And the lyrics, while certainly clever, never leave anyone out of the joke. You don’t have to have the right books on your bookshelf. You don’t have to have the right records in your record collection to enjoy these 14 songs. A soul might help, but even that one is optional. For in “Not a Christian,” Terry Malts have written the ultimate punk rock anthem for all of the atheists, agnostics, and humanists of the earth, a track which culminates in a wash of piercing guitars and whirl of words that read like a humanist manifesto: “If there’s no power over me/I take responsibility/All prayer is empty air when no one’s listening/There’s no god and there’s no master/There is no happy ever after/There is life, there is death/I live my life and do my best/To cherish all experience ’til I lay down to rest.”
On the subject of love, Benson, Cunningham, and Sweatt are equally as endearing. “I’m Neurotic,” consists of a single stanza, “I’m neurotic/That’s what she says/I won’t let it go to my head/Maybe she’s right,” repeated, and twisted to the point where its hard to tell whether instability is a badge of honor or a cause for concern. While “Waiting Room,” not the Fugazi song, and “Tumble Down,” not the Jesus and Mary Chain Song, both take down the tempo a notch without losing any intensity or immediacy. The guitars are still delightfully shrill and the sing-a-longs are still there, waiting for your extra backing vocals, and the rhythm section still has that thumping, pogo beat.
With a frightening pattern emerging of the most hyped artists being the least ready for the spotlight (Hello, Sleigh Bells and Hello, Ms. Lana Del Rey), Terry Malts provide an alternative to the unhealthy cycle of buzz and disappointment with an album that is proof positive that pop music doesn’t have to be finely polished and doesn’t have to sound modern to be successful in the 21st Century. More important than having the right look, the right connections, or the right influences is simply having songs that people will want to hear time and again. I can think of 14 songs off the top of my head that fit the bill. 10 out of 10 on The Rockometer.
Before they became the second New York buzz band of 2012 to put in a shit performance for Saturday Night Live, Brooklyn’s Sleigh Bells were already a divisive group in the underground. For while there’s little doubt their sound is a modern one — Heavy metal guitar riffs lifted from the Mullet Rock compilation, cheery vocals and scattershot, electric beats — There’s always been the counter argument, “Is this really the sound of now we want?”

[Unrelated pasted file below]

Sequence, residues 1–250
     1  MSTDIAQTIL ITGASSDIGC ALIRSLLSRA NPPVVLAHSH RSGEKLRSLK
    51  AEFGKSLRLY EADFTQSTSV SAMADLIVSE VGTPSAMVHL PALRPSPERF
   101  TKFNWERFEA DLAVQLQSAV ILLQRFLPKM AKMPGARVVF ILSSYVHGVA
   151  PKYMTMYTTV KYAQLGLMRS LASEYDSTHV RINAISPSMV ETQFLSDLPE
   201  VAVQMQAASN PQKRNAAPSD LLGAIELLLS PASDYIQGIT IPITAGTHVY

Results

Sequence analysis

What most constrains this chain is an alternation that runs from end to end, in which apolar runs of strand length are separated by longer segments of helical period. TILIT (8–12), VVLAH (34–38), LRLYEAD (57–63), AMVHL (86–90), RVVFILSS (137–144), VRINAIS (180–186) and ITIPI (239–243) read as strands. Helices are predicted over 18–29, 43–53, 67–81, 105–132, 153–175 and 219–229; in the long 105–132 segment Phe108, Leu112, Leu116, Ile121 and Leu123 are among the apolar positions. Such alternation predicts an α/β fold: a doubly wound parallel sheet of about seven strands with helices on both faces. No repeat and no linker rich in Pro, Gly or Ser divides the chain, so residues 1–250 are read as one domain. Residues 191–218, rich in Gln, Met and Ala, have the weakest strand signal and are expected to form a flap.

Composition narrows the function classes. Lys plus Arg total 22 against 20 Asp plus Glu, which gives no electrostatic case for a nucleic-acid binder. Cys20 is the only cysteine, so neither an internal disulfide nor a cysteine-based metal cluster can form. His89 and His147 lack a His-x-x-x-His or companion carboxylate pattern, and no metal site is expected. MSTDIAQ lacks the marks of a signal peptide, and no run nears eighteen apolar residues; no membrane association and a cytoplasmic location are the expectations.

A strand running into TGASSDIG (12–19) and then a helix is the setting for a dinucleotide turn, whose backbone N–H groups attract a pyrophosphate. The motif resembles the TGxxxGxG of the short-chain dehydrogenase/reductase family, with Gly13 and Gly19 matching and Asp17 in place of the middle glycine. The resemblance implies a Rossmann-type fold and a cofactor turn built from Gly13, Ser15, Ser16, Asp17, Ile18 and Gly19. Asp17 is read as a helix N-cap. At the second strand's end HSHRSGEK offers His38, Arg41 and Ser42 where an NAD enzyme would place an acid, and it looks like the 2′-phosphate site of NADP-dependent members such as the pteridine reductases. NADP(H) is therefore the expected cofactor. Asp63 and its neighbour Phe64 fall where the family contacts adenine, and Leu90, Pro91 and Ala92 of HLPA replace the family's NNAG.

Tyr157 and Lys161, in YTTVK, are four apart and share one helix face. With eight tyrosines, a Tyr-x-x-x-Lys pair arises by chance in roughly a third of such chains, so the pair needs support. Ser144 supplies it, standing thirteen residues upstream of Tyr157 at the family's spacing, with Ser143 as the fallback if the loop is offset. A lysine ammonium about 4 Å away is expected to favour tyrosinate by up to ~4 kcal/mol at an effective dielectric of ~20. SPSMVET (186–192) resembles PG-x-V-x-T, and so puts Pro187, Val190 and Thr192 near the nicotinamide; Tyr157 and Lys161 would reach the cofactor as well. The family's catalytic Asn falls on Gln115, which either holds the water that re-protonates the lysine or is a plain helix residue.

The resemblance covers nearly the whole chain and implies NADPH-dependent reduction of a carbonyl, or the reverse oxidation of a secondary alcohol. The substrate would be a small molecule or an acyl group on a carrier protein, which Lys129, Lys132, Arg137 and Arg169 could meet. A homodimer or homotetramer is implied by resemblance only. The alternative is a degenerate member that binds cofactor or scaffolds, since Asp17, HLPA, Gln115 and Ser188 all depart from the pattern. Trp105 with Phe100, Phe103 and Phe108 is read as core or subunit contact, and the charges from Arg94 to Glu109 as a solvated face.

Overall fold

You see, subtlety, is not Sleigh Bells thing. The title to Reign of Terror’s lead track, “True Shred Guitar,” explains all you need to know about guitarist Derek Miller’s infatuation with ’80s metal. Every sound out of his guitar is of the one-foot-on-the-amp, explosions-in-the-background-of-the-video-shoot, sexed-up-female-model-rolling-around-on-the-hood-of-a-red-convertible variety. While Alexis Krauss sings every line, be it during a rocker or a ballad, in her best cheerleader voice. In moderation, in the middle of an iTunes mix, let’s say, there’s a real chance you’ll find yourself cranking up a jam like “Comeback Kid.”
As an album experience, however, the Sleigh Bells trick gets grating right quick. Remember kids, there’s a reason Nirvana made hair metal obsolete overnight, and it wasn’t due to collusion of the record companies, record stations, and MTV. No, once the public were reminded that rock music could do more than communicate strip club scenes and hot teacher fantasies; That rock music wasn’t just for drop-outs and jocks and muscle cars, and those wanting to relieve their drugged out, drop-out days in the high school parking lot, the music stuck in that mold was revealed to be every bit as cheesy as it always was. The facade, and thrill, was gone. 5 out of 10 on The Rockometer.
Maybe you missed the Grammy’s last weekend. I didn’t bother, either.
Maybe you missed Dave Grohl’s speech after the Foo Fighters won a Grammy for Best Rock Album. It went a little something like this:
This is a great honor, because this record was a special record for our band. Rather than go to the best studio in the world down the street in Hollywood and rather than use all of the fanciest computers that money can buy, we made this one in my garage with some microphones and a tape machine…
To me this award means a lot because it shows that the human element of music is what’s important. Singing into a microphone and learning to play an instrument and learning to do your craft, that’s the most important thing for people to do.
It’s not about being perfect, it’s not about sounding absolutely correct, it’s not about what goes on in a computer. It’s about what goes on in here [your heart] and what goes on in here [your head].
What I read was the statement of a man who was proud of the hard work he and his band put into their latest album, Wasting Light, an album they recorded old-school in a garage studio.
What I read was the thoughts of someone who fears technology is removing the human element from music.
Did I miss something? Did Grohl punctuate his speech with calls of “Death to Disco!” and “Death to Dubstep!” Did he burn effigies of Skrillex and Deadmau5 as he and his band exited the stage.